A rare 1948 Tucker to be auctioned this weekend by Gooding & Company could fetch more than $2 million, according to President and CEO David Gooding. “It is considered one of the most original Tuckers there is. It has a completely original interior. It's been beautifully preserved,” Gooding said.
The Gooding & Company auction is just one of several that take place during the Barrett-Jackson auto week in Scottsdale, Arizona. Gooding & Company is among the premier collector car auction houses in the United States and is the official auction house of the prestigious Pebble Beach Concours d'Elegance.
Gooding says finding cars like the rare ‘48 Tucker is one of the great joys of his business. “That's what we love doing is searching out these cars,” he said. “We travel the world. And when we can find a treasure hidden away in a basement or in a barn, or somebody's locked away in their garage, that's what we enjoy doing and bringing them out to market.”
72 years old but still new
The Tucker company’s historic demise was the subject of the 1988 movie “Tucker: The Man and His Dream.” The 1948 Tucker up for sale at the Gooding auction, chassis number 1034, was the 34th of 51 Tuckers built 72 years ago. It was sold in 1950 as part of the company’s bankruptcy liquidation for $2200 when it had just 339 miles on the odometer.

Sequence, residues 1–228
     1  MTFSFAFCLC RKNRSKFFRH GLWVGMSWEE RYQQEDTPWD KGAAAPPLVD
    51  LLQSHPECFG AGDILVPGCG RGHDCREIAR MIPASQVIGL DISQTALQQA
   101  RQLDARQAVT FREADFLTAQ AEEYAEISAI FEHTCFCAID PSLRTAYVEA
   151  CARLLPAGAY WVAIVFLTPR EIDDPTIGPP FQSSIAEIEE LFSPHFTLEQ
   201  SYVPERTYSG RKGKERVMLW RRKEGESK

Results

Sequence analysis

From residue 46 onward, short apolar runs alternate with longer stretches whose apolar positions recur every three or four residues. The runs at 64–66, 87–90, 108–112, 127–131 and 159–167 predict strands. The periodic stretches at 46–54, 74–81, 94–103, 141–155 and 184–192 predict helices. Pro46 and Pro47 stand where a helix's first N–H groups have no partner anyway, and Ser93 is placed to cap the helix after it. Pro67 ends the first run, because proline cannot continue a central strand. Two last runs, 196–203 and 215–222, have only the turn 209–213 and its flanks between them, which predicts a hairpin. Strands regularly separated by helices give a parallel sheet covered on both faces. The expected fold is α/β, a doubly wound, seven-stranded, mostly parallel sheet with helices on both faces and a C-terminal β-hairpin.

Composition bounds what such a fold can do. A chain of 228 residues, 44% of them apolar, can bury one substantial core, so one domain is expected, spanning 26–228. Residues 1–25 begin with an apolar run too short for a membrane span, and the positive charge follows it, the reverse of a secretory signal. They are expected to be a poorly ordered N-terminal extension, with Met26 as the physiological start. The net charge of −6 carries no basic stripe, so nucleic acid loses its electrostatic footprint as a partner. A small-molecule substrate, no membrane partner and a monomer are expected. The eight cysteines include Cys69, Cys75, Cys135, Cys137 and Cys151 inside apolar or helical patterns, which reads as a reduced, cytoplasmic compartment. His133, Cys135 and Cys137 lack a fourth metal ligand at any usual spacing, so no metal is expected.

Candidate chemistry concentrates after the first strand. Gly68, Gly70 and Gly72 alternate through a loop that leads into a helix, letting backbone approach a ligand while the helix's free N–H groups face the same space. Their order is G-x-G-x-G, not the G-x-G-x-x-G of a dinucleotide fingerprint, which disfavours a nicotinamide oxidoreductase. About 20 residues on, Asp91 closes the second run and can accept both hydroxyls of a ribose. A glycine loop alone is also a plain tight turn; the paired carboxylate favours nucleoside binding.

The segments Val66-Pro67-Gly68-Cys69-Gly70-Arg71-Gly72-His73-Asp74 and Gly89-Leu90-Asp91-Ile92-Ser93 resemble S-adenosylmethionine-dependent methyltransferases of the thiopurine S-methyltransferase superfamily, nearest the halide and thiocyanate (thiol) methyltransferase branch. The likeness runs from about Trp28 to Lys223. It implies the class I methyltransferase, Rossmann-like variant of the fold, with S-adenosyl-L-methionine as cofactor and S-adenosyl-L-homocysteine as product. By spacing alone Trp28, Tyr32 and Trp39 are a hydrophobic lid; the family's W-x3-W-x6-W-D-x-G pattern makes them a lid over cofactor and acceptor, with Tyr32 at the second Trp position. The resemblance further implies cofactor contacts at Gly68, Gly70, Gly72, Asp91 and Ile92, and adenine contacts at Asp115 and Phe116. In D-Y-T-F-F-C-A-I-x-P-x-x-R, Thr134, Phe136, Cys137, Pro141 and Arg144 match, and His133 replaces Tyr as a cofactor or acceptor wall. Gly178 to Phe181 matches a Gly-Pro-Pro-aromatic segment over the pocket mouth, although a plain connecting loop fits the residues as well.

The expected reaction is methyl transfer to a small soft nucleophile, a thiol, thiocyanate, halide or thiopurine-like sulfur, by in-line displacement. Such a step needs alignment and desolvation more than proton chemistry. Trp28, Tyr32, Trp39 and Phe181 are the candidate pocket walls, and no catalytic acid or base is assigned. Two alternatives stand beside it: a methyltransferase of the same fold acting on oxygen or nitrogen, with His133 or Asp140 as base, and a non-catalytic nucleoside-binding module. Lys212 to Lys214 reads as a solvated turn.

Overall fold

Today the ‘48 Tucker has roughly 6,200 miles on it and is almost entirely original, according to Gooding. “The interior is spectacular and original. And that's quite rare for these cars because oftentimes they got neglected and sort of abused over the years. And this car has been beautifully preserved. And it's one of the few that does have its original interior,” he said.
Gauging the collector car business
The Scottsdale auctions are the first of the season in the collector car world and offer a gauge of where the market will head in 2020. “You know, there certainly are gonna be records in segments,” Gooding said.
Gooding sales at last year’s Scottsdale auction totaled $48.2 million, just a little less than the $49 million sold the year before. Gooding told Yahoo Finance’s On the Move the market for collector cars started to slow in 2019. “Pebble Beach prices were down, but still very strong. And, you know, I think we feel very good about today's sale. We will see. The proof is in the pudding. The great thing about the auctions is none of us really know how they will do,” he said.
The ‘48 Tucker could be a bellwether for this year’s market, Gooding says — especially if it sells for more than $2 million. But he says the real payoff is keeping historic and rare cars on the road. “So it's fun when you can discover them and share them with other car enthusiasts,” he said.
Adam Shapiro is co-anchor of Yahoo Finance’s ‘On the Move.’